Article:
The elephant in the room, is, well, in this case, the elephant in the room.

The room in question is National Statuary Hall, the old House chamber in the U.S. Capitol. The elephant is a dead circus pachyderm named Topsy. And the question centers on a loose connection between Topsy and the latest addition to the Capitol’s statuary collection: Thomas Alva Edison.

Known as the “The Wizard of Menlo Park,” historians credit Edison with developing the light bulb, the phonograph, the stock ticker and a camera to shoot movies. His prolific inventions earned Edison nearly 1,100 U.S. patents. And in a ceremony this week, congressional leaders dedicated the new Edison statue, representing Ohio.

“When I heard we were unveiling a statue of Thomas Edison, my first thought was ‘We don’t have one already?’” House Speaker Paul Ryan, R-Wis., said at the statue convocation.

Although Edison is closely associated with New Jersey, he was a native of Milan, Ohio. Congress permits each state to send two statues each to Capitol Hill. After years of debate, Ohio elected to scrap the statute of obscure Ohio Gov. William Allen (a vocal critic of Abraham Lincoln) in favor of someone else. Compared to other notable Ohioans, history simply bypassed Allen.

Ohio considered a robust catalogue of luminaries for representation at the capitol. During his remarks at the ceremony, Sen. Rob Portman, R-Ohio,  mentioned “Neil Armstrong and 23 other astronauts.” He discussed Ohio’s eight presidents -- though a statue of President James Garfield already graces the Capitol Rotunda.

“We also had a couple of guys named Orville and Wilbur who were in the running,” Portman said. “So this was not easy.”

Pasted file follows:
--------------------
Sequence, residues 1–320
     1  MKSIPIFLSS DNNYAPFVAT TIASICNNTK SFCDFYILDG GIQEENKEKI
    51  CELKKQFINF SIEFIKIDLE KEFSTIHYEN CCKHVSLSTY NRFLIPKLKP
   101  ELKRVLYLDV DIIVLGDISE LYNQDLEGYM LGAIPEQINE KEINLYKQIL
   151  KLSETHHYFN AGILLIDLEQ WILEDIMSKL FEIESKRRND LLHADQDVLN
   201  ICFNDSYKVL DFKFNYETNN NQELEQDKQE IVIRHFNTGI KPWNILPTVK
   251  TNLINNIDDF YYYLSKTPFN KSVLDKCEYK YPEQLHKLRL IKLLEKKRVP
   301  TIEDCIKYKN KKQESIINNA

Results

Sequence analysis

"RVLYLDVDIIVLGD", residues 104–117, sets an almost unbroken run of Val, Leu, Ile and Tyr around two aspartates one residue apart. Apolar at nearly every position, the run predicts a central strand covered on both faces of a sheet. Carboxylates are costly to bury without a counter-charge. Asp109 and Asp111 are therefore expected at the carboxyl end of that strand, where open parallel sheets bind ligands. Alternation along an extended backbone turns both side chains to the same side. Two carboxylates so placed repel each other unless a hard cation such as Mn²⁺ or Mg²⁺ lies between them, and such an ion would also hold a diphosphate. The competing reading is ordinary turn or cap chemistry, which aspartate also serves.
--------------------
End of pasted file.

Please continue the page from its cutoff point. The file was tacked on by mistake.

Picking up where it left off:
Ohio also considered Harriet Beecher Stowe. Jesse Owens. Even Barberton, Ohio native Bo Schembechler who became the legendary University of Michigan football coach.

Ahem.

Did someone really think they could hornswoggle Ohio into letting the University of Michigan football coach represent the Buckeye State in the U.S. Capitol for time immemorial?

“We’re a state with a lot to be proud of. But I think we got it right,” said Portman of Ohio settling on Edison.

In the statue, Edison stands tall, proudly hoisting in his right hand toward the sky what is thought to be his most prominent invention: the incandescent light bulb.

More than 20 inventors engineered versions of incandescent lamps prior to Edison. But Edison perfected the bulb and coupled the idea of a singular lamp to a system of lighting an entire room or street.

Of course, a matrix of lamps requires power. Historians believe Edison rose above his rivals by connecting the incandescent bulb with the development of mass power generation and distribution systems.

This brings us to what is known as the “War of Currents.”

A race ensued in the late 19th Century between Edison, George Westinghouse and Nikola Tesla to electrify the world.

Tesla crafted something called an “induction motor,” which helped boost the use of alternating current (AC.) But Edison preferred direct current (DC.)

In 1885, Tesla came to work for Edison with the opportunity to redesign his direct current generators.

Tesla says Edison offered him “$50,000” for the gig, though Edison didn’t have that sort of cash. Tesla completed the task, and Edison never coughed up the $50,000. Edison offered Tesla a significant raise, telling him “you don’t understand our American humor.”

Tesla quit on the spot and went back to perfecting his alternating current system.

Edison saw the advantages of alternating current power but was reluctant to switch. It was expensive. Plus, Edison didn’t want to torpedo his DC work and lose out to Westinghouse and Tesla.

So what do you do if you’re working with Edison? Demonstrate that AC isn’t safe.